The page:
Critics aren't buying it.
Over the last year, politicians and clergy have called on Backpage.com to stop running escort ads. A team of 46 attorneys general -- including Michigan's -- are demanding Backpage explain how it handles escort postings and prove it's monitoring the site for illegal activity.
In an August letter to the company, the attorneys general said Backpage.com is a hub for prostitution and child trafficking, and has failed to police itself, citing several examples.
• In May, a Dorchester, Mass., man was charged with forcing a 15-year-old girl into a motel to have sex with men for $100 to $150 an hour. To find customers, the man posted a photo of the girl on Backpage.com.
• In Washington, prosecutors are handling a case in which teen girls say they were coerced, threatened and extorted by two adults who marketed them on Backpage.com.
• In the last three years, criminal charges have been filed in more than 50 cases against suspects accused of trafficking or trying to traffic minors on Backpage.com.
Most recently, the operators of Escorts.com pleaded guilty last month in federal court in Pennsylvania to money laundering and agreed to forfeit $4.9 million, pay a $1.5-million fine, and give up the escorts.com domain name. Prosecutors claimed that prostitutes and escort services used the site to connect to clients.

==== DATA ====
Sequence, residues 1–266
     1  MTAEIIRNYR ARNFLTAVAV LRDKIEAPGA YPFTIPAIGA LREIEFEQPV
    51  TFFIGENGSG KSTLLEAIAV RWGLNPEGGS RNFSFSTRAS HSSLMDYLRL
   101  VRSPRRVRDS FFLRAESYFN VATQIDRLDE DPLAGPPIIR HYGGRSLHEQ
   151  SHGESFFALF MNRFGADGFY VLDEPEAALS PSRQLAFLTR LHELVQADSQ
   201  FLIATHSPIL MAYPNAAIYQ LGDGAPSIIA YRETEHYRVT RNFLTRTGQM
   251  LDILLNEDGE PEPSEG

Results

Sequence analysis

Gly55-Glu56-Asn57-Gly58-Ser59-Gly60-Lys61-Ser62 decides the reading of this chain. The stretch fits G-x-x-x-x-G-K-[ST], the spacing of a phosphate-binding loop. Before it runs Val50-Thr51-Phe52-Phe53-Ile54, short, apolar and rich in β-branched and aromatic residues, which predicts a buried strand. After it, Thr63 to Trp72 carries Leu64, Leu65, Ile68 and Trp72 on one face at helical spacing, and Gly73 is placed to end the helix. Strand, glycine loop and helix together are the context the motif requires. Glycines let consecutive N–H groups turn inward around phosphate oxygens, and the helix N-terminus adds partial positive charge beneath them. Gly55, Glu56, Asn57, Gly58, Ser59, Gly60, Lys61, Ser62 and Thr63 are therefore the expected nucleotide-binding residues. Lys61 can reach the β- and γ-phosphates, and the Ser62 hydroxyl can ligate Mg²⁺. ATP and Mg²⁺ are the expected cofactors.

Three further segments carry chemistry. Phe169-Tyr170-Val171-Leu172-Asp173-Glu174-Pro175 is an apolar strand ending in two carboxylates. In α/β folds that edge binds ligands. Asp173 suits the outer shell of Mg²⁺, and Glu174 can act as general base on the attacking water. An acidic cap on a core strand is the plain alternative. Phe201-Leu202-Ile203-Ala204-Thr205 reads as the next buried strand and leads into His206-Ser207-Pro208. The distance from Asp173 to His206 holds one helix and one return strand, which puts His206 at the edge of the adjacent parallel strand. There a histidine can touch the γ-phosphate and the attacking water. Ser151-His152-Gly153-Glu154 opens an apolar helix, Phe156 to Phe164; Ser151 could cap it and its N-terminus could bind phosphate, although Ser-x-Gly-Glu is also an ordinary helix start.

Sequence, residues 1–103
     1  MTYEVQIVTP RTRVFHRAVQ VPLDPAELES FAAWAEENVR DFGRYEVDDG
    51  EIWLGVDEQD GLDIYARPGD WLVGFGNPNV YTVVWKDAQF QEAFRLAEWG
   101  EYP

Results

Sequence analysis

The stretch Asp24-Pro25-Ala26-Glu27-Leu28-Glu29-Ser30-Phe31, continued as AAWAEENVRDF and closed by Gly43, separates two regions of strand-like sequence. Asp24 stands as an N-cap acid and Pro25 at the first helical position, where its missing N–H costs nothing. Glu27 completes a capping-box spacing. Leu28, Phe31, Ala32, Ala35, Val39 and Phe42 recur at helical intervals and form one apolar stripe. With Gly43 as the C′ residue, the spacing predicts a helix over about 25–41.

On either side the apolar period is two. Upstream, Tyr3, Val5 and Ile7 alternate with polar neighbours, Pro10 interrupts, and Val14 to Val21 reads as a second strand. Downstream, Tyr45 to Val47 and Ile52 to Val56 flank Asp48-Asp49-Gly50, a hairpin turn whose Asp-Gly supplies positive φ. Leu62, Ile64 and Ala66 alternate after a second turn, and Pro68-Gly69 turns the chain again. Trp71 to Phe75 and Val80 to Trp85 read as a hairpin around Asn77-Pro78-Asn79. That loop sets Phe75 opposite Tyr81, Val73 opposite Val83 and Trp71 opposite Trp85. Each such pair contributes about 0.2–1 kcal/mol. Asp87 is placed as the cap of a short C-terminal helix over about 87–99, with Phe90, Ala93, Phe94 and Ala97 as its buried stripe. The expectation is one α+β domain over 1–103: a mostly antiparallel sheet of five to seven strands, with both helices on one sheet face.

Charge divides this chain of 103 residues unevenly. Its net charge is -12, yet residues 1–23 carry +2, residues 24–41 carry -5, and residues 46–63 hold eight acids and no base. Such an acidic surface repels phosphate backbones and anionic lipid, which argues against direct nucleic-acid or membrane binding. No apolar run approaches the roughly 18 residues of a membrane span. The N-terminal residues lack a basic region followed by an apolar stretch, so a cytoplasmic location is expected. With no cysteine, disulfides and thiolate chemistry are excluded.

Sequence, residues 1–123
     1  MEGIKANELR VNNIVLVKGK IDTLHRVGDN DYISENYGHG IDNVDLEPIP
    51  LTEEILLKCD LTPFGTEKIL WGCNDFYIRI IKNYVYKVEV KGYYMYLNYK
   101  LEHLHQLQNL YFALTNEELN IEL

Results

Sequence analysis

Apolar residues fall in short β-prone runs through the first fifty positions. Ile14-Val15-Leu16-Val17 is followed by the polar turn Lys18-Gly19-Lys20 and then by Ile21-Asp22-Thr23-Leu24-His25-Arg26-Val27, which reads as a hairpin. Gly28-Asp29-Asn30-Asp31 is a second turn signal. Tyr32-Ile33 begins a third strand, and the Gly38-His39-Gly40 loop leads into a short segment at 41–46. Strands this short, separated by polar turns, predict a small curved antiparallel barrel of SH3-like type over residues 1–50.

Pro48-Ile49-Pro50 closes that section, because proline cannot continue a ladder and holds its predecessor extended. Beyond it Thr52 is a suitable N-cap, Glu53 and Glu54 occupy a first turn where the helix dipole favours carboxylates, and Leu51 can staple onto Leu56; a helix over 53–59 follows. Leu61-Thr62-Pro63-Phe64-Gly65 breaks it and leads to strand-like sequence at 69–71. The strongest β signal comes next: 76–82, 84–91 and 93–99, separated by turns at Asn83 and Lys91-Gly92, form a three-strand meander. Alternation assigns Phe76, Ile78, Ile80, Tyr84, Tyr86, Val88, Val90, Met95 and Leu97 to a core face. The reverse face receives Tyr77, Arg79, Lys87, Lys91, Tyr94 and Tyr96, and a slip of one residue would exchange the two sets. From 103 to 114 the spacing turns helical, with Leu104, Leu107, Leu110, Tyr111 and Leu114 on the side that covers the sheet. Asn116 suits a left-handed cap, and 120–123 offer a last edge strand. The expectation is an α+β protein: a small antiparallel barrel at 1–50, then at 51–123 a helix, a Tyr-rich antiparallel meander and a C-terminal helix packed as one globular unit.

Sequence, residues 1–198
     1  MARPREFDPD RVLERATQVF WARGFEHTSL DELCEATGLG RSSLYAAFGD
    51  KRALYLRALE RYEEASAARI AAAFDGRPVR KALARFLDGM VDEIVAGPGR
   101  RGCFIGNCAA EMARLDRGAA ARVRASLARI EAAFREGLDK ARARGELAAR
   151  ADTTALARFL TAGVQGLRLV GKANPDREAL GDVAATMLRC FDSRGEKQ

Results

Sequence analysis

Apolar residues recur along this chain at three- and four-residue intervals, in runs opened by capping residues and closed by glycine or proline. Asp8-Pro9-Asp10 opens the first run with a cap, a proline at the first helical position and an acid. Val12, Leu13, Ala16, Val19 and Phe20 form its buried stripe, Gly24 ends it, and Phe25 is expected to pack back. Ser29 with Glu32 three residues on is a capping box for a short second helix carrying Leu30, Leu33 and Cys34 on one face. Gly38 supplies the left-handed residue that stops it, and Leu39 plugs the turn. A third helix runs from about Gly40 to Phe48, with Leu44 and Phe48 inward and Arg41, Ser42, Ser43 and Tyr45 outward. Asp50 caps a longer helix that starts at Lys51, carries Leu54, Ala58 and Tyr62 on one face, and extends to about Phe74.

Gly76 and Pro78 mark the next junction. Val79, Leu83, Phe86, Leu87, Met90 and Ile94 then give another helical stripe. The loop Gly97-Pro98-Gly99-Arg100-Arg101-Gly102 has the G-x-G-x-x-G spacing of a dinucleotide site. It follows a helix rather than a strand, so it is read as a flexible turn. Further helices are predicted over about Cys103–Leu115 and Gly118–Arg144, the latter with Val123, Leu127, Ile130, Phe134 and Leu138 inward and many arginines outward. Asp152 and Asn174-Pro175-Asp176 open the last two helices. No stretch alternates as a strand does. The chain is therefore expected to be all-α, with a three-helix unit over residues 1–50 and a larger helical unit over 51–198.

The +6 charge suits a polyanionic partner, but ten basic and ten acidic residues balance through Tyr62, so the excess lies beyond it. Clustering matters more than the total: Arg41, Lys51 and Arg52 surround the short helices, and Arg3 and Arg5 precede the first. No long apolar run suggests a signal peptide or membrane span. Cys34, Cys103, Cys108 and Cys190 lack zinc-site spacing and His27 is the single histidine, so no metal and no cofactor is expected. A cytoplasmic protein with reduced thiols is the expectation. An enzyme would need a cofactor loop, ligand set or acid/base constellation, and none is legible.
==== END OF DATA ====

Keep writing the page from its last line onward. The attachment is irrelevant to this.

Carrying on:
"Just take it down," said Anny Donewald, a former prostitute and stripper who now runs Eve's Angels, a statewide support group for women in the adult entertainment business.
Donewald said she believes web operators put women in danger by letting them post ads that go unmonitored. Such ads, she said, give predators easy access.
"Why even give them a venue?" Donewald said. "Take it down. ... Is the $25 per ad worth lives?"
Online escort ads also have drawn the anger of Michigan Attorney General Bill Schuette.
"The level of activity on such websites for prostitution and the sexual exploitation of children is very concerning," said Schuette spokesman John Sellek, who hopes political pressure will lead to "real action by the companies to put an end to this as soon as possible."
Legal experts say it may be hard to do.
Web operators have a First Amendment right to run ads in which adults can arrange to meet each other. In addition, they're shielded from liability for what others say or post on their sites under the Communications Decency Act.
That's the law one federal judge in Missouri cited in August when he dismissed a teenager's lawsuit against Backpage.com over nude photos a pimp posted of the child on the site. The judge held that while the minor endured "horrific victimization" at the hands of her pimp, Backpage.com was protected by federal law.
Tampa attorney Paul DeCailly, who represents escort services, said he believes that websites -- like newspapers -- shouldn't be sued over ads. He said escort ads are like personal ads: People are looking to meet people. What happens afterward isn't the fault of the middleman who ran the ad, he said.
DeCailly also noted that websites like Backpage.com provide a business service for many companies looking for new clients, not just escorts.
In fact, he advertises his law practice on the site twice -- in the legal section, and the one for escorts.